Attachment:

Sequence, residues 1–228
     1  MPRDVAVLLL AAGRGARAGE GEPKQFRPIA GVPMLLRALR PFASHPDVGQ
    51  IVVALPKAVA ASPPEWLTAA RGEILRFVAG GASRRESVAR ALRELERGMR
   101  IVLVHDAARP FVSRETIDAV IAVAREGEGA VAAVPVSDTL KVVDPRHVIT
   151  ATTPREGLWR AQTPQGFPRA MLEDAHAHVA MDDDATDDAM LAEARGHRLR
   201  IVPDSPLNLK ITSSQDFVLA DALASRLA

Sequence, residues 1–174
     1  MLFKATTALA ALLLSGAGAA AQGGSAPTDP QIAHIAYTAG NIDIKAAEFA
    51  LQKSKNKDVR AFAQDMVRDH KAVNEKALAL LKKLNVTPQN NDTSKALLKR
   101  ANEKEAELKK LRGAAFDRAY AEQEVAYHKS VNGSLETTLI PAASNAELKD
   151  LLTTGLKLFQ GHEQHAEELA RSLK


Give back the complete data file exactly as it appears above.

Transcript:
Sequence, residues 1–228
     1  MPRDVAVLLL AAGRGARAGE GEPKQFRPIA GVPMLLRALR PFASHPDVGQ
    51  IVVALPKAVA ASPPEWLTAA RGEILRFVAG GASRRESVAR ALRELERGMR
   101  IVLVHDAARP FVSRETIDAV IAVAREGEGA VAAVPVSDTL KVVDPRHVIT
   151  ATTPREGLWR AQTPQGFPRA MLEDAHAHVA MDDDATDDAM LAEARGHRLR
   201  IVPDSPLNLK ITSSQDFVLA DALASRLA

Sequence, residues 1–174
     1  MLFKATTALA ALLLSGAGAA AQGGSAPTDP QIAHIAYTAG NIDIKAAEFA
    51  LQKSKNKDVR AFAQDMVRDH KAVNEKALAL LKKLNVTPQN NDTSKALLKR
   101  ANEKEAELKK LRGAAFDRAY AEQEVAYHKS VNGSLETTLI PAASNAELKD
   151  LLTTGLKLFQ GHEQHAEELA RSLK